Dog Toys, Tips for Choosing the Best for Your Dog

dog toys

Dog Toys, Tips for Choosing the Best for Your Dog

Dog Toys, read about how to choose them.

One of the great things about owning a dog is how much they play, and choosing the best dog toys is an important part of their life. Whether you’re playing a game of fetch or watching him roll around to entertain himself, toys are an important part of your dog’s well-being.

Although they do not mature the way you do, you should still keep your dog’s age in mind. A three-week-old puppy still has baby teeth, so toys with softer rubber or plush, snugly fabrics would be a good thing for him. From three to nine months, the puppy will be teething, so avoid hard rubber and stock up! He’ll be chewing on anything he can get his paws on, so a good variety of chewy dog toys will keep him distracted from your personal posessions.
Once teething phase goes, a dog will have a strong enough jaw for stronger rubber toys and boundless energy to play with toys. By age seven or so, a senior dog won’t have the same jaw and tooth strength as a young dog, but it’s still important to give him some softer toys to chew on and play with toys that encourage him to keep him active, like easy-to-toss balls and sticks. There are plenty of options specifically made for dogs of certain ages, all of which match your dog’s age with his size and his personal chewing habits.

Size and Texture
Even in adult dogs, the Yorkshire Terrier is unlikely to chew as harshly as a German Shepherd, so they’ll often need toys that are considered more forgiving clenched in a smaller jaw. Similarly, a toy that is too soft can break into pieces and swallowed causing blockages. If you notice dog toys starting to show signs of damage, replace it.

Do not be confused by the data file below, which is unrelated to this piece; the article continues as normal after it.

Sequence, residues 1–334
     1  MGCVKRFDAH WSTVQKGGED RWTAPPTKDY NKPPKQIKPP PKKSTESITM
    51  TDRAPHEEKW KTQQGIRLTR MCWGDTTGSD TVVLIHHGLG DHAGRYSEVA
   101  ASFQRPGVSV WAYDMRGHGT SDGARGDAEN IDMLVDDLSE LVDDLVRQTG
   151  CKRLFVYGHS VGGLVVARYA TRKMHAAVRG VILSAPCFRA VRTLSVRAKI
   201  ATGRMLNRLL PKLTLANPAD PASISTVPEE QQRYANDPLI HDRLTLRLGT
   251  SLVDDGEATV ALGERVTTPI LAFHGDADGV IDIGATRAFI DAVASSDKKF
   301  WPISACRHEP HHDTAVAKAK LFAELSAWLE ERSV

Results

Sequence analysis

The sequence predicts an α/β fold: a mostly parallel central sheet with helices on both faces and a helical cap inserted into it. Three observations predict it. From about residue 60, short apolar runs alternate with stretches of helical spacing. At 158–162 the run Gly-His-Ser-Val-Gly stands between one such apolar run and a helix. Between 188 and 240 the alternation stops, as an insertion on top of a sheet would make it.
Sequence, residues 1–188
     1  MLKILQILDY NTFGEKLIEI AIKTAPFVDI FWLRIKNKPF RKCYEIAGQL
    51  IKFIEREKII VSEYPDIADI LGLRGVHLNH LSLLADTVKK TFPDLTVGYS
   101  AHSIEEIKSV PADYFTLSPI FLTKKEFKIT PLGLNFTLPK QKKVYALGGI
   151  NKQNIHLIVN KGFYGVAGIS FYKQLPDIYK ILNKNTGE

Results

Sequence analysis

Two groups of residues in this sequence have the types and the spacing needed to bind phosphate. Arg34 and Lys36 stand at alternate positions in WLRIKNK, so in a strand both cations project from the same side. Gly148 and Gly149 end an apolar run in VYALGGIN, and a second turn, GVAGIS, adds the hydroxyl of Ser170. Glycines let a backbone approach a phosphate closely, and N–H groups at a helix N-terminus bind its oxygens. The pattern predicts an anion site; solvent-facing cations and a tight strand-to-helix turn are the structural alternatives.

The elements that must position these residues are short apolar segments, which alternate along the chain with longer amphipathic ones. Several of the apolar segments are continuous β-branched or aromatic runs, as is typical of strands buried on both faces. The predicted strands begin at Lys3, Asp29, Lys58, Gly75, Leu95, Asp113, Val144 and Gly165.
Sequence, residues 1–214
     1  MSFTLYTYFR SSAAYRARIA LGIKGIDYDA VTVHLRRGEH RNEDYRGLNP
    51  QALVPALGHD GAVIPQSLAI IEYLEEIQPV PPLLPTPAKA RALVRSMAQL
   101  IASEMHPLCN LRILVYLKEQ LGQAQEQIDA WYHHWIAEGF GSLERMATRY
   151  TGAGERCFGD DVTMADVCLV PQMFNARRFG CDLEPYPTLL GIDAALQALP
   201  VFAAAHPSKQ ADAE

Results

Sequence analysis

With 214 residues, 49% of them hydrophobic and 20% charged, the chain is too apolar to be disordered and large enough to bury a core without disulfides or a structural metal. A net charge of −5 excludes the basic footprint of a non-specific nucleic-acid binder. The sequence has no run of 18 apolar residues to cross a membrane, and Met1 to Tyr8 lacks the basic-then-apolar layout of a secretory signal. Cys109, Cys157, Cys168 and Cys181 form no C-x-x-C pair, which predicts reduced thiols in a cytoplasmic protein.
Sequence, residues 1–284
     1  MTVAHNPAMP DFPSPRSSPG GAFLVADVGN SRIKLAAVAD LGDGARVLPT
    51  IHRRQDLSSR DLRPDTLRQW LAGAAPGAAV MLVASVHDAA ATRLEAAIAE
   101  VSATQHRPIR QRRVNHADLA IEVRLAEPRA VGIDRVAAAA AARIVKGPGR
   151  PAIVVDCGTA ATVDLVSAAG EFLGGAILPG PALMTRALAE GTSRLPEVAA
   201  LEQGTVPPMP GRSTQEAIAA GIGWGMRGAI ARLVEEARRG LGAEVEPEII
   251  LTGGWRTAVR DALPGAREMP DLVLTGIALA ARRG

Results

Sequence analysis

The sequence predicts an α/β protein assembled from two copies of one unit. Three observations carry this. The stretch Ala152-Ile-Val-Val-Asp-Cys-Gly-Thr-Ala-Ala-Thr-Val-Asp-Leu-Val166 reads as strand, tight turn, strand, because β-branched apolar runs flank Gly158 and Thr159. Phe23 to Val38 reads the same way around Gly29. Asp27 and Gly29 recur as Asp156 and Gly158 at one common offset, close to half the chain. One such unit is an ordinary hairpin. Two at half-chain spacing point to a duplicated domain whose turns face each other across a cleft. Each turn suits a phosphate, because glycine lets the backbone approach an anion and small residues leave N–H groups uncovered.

The right size toy is important as well. Something too small can be swallowed just as easily. A general rule is to make sure anything small enough to fit behind your dog’s rear molars is a choking hazard.

There are rubber balls, plush balls, tennis balls, foam balls, squeaker balls, and more. Each bounce in different ways. Some float and glow in the dark—tempting options if you have a pool or nighttime routine! This classic option is a great way to keep your dog active, too. When you find the right-sized ball for your dog, make sure it’s a durable-enough material for him to not destroy it.

Tug Toys
Most dogs enjoy a tug-of-war. And although some may warn against this game to discourage aggression, there’s nothing to worry about if your pup is properly trained. Perhaps the most important thing to remember with tug toys is to make sure your dog doesn’t tear this into pieces. Tug toys are typically plush and made of linen, leather, fire hose, or rope, so it’s necessary to replace them as soon as you see damage. If you want him to let go of the toy, you need to train him to respond to commands such as “drop” or “release.” Also, while a dog’s jaw is very strong, it is never a good idea to pull the toy vertically and get his feet off of the ground. This can cause jaw, neck and spine issues.

Plush toys are a favorite of many dogs, but unfortunately many are unsafe. As easy as they are to be ripped apart and ingested, though, plush toys can still be fun if supervised. Before your pup hits his teething phase, plush toys are great options to give him to snuggle up with at night. If your dog loves them, you shouldn’t write them off right away. Just make sure your pup knows which plush toys are his, and not a family member’s stuffed animal. Choosing the best dog toys will ensure you both safe, fun playtime. Toys, much like treats, can be used as a training device. If you notice your dog gravitating to a particular toy, toss it to him as a reward when he performs a command you’ve requested. Training him to understand which toys are his is also important. This will help guard you against any destructive behavior that might ensue from him chewing on things, furniture or children’s toys. Remember that your choice should depend on the age, size, and intensity of his chewing habits. Also, keep in mind that as your puppy ages, you’ll go from puppy toys to adult toys and then even to senior toys.

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